Sitting on the terrace of the bustling Roman trattoria Dal Bolognese one sunny Sunday in May, I relished a version of this classic dish, pungent with freshly ground black pepper and enriched with a mixture of sheep’s milk Pecorino cheese and Parmigiano-Reggiano. We were dining with our friends George Germon and Johanne Killeen, and George noted that this is one of the hardest pastas to get right, probably because it is so basic and appears easy. The pepper flavor should be dominant, but should not overwhelm the palate. We eat pasta at least once a week, and this is one of my “Go To” preparations, since it goes together in a matter of minutes and is such a thoroughly satisfying dish.
A 10-quart (10 l) pasta pot fitted with a colander; 4 warmed, shallow soup bowls.
3 tablespoons coarse, freshly ground black pepper, preferably Tellicherry
2 tablespoons extra-virgin olive oil
2 tablespoons (30 g) salted butter
3 tablespoons coarse sea salt
1 pound (500 g) Italian spaghetti
3/4 cup (50 g) freshly grated Pecorino-Romano cheese, plus extra for serving
3/4 cup (75 g) freshly grated Parmigiano-Reggiano cheese, plus extra for serving
1. Place the pepper in a large skillet over a medium heat and toast it, shaking the pan, until fragrant, about 30 seconds. Add the oil and the butter and stir until the butter is melted. Remove from the heat.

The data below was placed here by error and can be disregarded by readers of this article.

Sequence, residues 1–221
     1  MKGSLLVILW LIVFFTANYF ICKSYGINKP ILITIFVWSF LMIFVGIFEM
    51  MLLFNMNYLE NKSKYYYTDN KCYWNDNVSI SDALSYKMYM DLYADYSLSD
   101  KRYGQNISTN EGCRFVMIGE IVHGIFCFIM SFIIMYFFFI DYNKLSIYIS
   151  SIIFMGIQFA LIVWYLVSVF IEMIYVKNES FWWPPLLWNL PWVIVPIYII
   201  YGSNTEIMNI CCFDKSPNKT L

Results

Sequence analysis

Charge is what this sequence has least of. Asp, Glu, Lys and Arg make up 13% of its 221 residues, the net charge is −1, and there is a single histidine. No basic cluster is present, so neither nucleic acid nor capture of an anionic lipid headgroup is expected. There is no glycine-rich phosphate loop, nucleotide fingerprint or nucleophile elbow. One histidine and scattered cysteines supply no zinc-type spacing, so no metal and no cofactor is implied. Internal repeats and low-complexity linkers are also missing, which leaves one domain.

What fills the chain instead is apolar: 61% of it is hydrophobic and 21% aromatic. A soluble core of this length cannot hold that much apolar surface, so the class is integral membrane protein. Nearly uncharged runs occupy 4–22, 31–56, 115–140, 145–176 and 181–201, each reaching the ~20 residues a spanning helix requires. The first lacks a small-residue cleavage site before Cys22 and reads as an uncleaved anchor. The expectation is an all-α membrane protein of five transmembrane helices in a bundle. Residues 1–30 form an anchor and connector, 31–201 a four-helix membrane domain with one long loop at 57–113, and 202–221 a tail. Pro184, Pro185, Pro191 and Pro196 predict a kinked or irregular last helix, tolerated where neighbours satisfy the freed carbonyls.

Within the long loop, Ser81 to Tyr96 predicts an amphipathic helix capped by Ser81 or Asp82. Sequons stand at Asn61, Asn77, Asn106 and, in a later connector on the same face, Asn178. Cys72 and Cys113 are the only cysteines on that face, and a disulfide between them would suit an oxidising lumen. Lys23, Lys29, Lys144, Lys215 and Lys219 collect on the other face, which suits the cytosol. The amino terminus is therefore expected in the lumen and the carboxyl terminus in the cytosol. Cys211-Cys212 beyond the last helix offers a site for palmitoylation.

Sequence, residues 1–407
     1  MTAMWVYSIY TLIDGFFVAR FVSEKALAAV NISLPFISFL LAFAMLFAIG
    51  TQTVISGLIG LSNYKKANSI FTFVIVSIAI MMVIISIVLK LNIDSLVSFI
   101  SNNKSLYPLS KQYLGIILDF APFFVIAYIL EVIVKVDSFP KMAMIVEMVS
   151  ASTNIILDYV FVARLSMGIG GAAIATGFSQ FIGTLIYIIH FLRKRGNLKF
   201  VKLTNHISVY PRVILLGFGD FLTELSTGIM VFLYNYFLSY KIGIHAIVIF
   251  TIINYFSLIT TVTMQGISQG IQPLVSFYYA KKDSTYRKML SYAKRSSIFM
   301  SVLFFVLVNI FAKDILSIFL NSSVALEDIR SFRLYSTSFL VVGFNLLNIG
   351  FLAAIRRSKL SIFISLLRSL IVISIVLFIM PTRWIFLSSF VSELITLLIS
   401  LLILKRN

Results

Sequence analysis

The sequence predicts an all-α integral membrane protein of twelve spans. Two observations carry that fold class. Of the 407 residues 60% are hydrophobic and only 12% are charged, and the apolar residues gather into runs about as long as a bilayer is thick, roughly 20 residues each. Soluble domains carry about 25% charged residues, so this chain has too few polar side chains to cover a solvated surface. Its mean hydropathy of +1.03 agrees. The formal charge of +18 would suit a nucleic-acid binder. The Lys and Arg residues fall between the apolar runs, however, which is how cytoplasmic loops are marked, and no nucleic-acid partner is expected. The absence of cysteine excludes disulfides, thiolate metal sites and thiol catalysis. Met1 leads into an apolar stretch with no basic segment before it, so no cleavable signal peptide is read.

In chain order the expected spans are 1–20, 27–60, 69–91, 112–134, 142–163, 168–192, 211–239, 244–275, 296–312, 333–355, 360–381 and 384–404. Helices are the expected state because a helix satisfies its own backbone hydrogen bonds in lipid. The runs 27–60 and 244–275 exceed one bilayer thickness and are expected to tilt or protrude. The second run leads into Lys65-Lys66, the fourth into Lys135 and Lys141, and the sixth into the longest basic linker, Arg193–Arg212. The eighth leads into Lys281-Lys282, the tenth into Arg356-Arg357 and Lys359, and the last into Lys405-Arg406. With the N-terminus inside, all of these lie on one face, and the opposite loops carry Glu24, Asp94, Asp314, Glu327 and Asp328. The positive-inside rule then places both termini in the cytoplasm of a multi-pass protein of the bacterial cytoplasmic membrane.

2. In the pasta pot, bring 8 quarts (8 l) of water to a rolling boil over high heat. Add the salt and the pasta, stirring to prevent the pasta from sticking. Cook until tender but firm to the bite. Remove the pasta pot from the heat. Remove the colander and drain the pasta over the sink, shaking to remove the excess water. Reserve some of the cooking water for the sauce.
3. Return the skillet to the heat. Add about 4 tablespoons of the pasta water to the oil mixture and stir to blend. Add the pasta and toss until it is evenly coated. Add the cheeses and toss until the pasta is evenly coated. If the pasta is dry, add more pasta water. Serve immediately, with additional grated Pecorino and Parmigiano on the side.
Buy the best peppercorns you can find. I favor the highly aromatic Tellicherry pepper from Malabar, off the coast of India, and love its spiciness, hint of wood, and lingering scent. The berries are left on the vines a bit longer, so they develop a deep, rich flavor. The peppercorns from The Spice House (thespicehouse.com) are fabulous and reliable. And do invest in a good pepper mill, one that will coarsely grind the peppercorns. I use a battery-powered Peugeot mill. Peugot mills are readily available in gourmet shops. (Note I have no affiliation with these brands, they are just the ones I like and chose to use in my kitchen).
This recipe was first published in The French Kitchen Cookbook: Recipes and Lessons from Paris and Provence. All rights reserved. Please do not reproduce without permission.